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What’s with this “Wren” thing?
The oldest extant version of the fable
are presenting here appeared in 1913 in the first volume of a two-volume anthology
Saxon folktales (Plattdeutsche
Volksmärchen “Low German Folktales”)
collected by Wilhelm Wisser (1843–1935). Read
Location: Eastern Stellingwerf, Fryslân/Friesland, The Netherlands
Now that I’ve listened for some months and did some postings already, I think
it’s a good time to introduce myself a bit to all of you. I was born and raised
in Stellingwerf, which is a very small part of Southeastern Friesland,
a province in the very north of the Netherlands, near the provinces of Groningen,
Drenthe and Overijssel. Stellingwerf has about 50,000 inhabitants. Just over
50% of them (most of them aged 50+, like myself) speak Stellingwarfs as
a variety of the Low Saxon language. See “The Wren” (Et Doempien) in Stellingwarfs.
my “hippie phase” I traveled a lot for a few years, all over Europe and all
alone in my Citroën 2CV. Those days, the most beautiful countries for me where
Sweden (where I sold snacks at every doorstep) and (the old) Yugoslavia (where
I sold vegetables at the marketplace). Besides my own Stellingwarfs, as well
as Frisian and Dutch, I speak just a little German, French and English. Just
for fun I learned some Russian for one semester.
Today I speak, read and write Stellingwarfs and Dutch, and I speak and read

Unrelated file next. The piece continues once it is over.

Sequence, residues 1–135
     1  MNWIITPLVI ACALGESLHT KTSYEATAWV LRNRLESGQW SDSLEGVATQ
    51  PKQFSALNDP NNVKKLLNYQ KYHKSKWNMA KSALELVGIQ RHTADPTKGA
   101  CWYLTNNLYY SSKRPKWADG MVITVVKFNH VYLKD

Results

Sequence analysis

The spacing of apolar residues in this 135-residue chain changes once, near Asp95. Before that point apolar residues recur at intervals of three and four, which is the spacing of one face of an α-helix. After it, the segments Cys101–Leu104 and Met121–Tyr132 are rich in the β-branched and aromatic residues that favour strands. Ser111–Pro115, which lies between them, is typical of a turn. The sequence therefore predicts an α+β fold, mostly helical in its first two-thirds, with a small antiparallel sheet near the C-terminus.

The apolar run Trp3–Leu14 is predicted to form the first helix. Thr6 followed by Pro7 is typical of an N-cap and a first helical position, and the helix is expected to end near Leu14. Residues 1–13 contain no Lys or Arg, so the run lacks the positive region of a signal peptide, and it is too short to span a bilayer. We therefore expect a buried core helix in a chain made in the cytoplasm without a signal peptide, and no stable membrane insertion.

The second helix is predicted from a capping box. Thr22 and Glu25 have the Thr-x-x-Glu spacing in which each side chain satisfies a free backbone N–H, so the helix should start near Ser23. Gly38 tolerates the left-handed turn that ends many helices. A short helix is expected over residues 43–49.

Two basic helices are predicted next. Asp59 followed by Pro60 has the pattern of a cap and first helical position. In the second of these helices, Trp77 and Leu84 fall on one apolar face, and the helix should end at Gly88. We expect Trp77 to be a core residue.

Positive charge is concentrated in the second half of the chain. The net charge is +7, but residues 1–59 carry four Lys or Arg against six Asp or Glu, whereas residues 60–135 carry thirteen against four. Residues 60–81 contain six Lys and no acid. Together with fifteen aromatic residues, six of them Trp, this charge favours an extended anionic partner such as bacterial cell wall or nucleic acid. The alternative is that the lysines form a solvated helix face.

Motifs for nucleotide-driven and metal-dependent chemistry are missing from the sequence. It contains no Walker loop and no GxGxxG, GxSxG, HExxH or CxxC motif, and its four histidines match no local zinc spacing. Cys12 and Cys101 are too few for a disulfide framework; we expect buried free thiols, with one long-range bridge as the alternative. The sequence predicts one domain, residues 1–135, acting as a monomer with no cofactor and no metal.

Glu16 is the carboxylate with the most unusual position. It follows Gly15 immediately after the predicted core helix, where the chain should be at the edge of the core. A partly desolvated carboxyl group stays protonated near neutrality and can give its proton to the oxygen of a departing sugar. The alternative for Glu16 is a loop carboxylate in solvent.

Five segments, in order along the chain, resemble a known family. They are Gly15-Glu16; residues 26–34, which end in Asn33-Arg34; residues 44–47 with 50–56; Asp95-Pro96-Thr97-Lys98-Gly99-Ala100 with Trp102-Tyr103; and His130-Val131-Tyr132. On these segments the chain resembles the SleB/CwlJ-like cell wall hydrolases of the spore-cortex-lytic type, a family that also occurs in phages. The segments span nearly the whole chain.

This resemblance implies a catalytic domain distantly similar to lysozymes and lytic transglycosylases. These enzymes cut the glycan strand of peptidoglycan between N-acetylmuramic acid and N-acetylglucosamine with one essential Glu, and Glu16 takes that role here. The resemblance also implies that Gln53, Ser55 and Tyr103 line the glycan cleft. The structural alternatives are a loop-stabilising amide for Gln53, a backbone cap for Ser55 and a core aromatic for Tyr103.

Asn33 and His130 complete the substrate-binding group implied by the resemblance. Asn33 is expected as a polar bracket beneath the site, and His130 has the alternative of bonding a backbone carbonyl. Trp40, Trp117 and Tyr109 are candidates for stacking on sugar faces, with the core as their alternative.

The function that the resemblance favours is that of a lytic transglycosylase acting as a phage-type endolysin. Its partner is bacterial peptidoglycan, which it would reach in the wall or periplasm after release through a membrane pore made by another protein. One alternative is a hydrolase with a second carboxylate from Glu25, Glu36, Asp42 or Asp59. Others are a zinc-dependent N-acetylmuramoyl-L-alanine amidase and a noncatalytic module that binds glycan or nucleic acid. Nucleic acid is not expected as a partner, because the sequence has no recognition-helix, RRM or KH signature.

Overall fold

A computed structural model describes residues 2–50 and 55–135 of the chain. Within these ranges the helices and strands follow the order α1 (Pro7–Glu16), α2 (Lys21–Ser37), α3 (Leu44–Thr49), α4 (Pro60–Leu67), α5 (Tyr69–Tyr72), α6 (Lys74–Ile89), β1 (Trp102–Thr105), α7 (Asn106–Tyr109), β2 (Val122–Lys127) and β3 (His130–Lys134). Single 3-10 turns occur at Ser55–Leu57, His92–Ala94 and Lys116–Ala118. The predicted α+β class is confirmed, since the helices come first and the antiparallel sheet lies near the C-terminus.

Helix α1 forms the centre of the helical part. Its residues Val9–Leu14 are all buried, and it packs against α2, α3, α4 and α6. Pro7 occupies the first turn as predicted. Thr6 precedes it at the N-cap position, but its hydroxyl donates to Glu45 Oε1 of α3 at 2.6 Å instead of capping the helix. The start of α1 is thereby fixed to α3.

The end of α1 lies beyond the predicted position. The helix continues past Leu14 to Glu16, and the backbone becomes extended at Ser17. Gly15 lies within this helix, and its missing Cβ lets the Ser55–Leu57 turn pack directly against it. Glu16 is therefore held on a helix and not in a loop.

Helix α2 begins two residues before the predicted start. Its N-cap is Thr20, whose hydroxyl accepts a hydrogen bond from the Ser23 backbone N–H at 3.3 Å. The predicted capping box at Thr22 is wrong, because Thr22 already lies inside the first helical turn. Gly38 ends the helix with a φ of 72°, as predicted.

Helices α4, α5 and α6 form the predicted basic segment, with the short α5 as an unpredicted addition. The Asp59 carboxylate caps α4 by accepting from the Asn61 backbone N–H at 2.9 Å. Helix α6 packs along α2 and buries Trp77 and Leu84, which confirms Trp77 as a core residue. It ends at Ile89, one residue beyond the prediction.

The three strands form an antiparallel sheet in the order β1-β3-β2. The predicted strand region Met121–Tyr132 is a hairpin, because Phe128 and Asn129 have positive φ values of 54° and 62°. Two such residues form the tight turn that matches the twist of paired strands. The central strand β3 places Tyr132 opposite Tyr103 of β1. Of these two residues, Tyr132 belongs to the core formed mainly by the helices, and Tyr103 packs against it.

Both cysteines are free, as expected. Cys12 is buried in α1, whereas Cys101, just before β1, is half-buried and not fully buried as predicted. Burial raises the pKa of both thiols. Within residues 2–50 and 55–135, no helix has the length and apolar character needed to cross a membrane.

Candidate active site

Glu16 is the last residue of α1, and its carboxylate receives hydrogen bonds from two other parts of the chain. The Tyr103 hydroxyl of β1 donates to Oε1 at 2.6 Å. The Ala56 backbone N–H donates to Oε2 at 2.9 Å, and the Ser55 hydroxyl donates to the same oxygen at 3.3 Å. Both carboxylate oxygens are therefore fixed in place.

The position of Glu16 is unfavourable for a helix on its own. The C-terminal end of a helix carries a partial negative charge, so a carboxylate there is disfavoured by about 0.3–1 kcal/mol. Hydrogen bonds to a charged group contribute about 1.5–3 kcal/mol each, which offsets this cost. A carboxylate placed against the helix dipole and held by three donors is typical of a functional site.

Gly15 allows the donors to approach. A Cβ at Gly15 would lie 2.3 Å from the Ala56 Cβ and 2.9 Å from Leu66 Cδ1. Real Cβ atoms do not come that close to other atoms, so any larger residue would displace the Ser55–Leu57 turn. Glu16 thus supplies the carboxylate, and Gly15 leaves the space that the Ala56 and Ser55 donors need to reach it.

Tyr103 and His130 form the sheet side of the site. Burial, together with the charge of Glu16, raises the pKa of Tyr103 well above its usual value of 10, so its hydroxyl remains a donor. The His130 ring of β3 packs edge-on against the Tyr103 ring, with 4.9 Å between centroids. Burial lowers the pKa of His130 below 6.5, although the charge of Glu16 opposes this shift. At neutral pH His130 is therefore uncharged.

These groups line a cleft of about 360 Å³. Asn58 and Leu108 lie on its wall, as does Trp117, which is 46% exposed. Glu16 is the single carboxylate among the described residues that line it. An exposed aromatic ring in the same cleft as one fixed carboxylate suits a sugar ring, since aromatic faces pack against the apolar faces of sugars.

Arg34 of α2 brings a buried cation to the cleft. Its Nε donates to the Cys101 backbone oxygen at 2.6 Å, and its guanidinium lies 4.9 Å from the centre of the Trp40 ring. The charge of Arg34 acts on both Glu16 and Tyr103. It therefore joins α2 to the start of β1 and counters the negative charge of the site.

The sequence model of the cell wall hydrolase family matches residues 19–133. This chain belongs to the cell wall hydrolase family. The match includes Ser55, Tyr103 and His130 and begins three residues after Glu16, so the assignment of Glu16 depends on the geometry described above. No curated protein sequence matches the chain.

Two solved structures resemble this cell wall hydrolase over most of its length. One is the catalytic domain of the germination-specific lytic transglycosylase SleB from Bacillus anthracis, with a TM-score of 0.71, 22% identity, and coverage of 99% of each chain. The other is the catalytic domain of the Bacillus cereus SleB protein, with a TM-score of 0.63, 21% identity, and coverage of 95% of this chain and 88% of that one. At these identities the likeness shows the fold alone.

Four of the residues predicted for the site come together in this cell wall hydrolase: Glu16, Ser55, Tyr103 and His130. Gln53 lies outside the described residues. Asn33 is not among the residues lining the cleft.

some Frisian everyday; no more writing in Frisian since we got a new stavering (spelling) sometime around 1984. I also use some very basic English in my job
as a computer man (writing Cobol from scratch). Furthermore, my English, German
and French are just good enough for spending a holyday. I’m not particularly
interested in all kinds of languages or etymologies or so, but sometimes I’m
looking for are some special words while doing my hobby as translator of the
Holy Bible into Stellingwarfs Low Saxon. That’s also the reason why I came
to the LL-List some time ago. No, I’m not writing the whole Bible from scratch
but created a computer program myself that translates about 75/80 percent fully
automatically. The real job begins then: correcting and improving, correcting
and improving, correcting and improving ... What, for instance, is a fine Stellingwarfs
word for the clothing in the old days? From the Bible in Dutch: Jozef droeg
een mooi kleed, but in Stellingwarfs we have a kleed (E: ‘carpet’) on the
floor or on the table. We wear trousers (broek) and a shirt or a blouse (boezeroen).
What shall we call such a kleed in Stellingwarfs LS? So far we use for kleed a hoele (dop, schil, omhulsel). Or can we use burka? Was there a different
between the clothing between man and woman? Vernietigen, verwoesten are also
such kind of words. So far the Bible in Afrikaans helps me a lot.
Well, this will do for the moment. This is who I am and what I do. Of
course I write some poems, short stories and so on, but that kind of stuff
is what you can find in An de liende, our monthly electronic newsletter (elektrisch
blattien). For further information about our Bible project you should take
a look at www.stellingwerfs-eigen.nl, and as for e-mail, you can
reach me at email@example.com.
My motto (from Pythagoras): “Nothing disappears; it only changes.”
Mit een vrundelike groet from Stellingwarf in the province Fryslân (The
Netherlands), Piet Bult